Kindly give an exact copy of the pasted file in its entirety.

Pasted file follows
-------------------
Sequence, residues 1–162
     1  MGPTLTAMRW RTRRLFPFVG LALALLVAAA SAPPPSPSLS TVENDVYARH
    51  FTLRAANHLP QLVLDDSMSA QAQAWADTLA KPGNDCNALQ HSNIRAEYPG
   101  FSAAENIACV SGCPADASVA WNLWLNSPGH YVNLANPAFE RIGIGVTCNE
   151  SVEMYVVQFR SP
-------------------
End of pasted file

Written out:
Sequence, residues 1–162
     1  MGPTLTAMRW RTRRLFPFVG LALALLVAAA SAPPPSPSLS TVENDVYARH
    51  FTLRAANHLP QLVLDDSMSA QAQAWADTLA KPGNDCNALQ HSNIRAEYPG
   101  FSAAENIACV SGCPADASVA WNLWLNSPGH YVNLANPAFE RIGIGVTCNE
   151  SVEMYVVQFR SP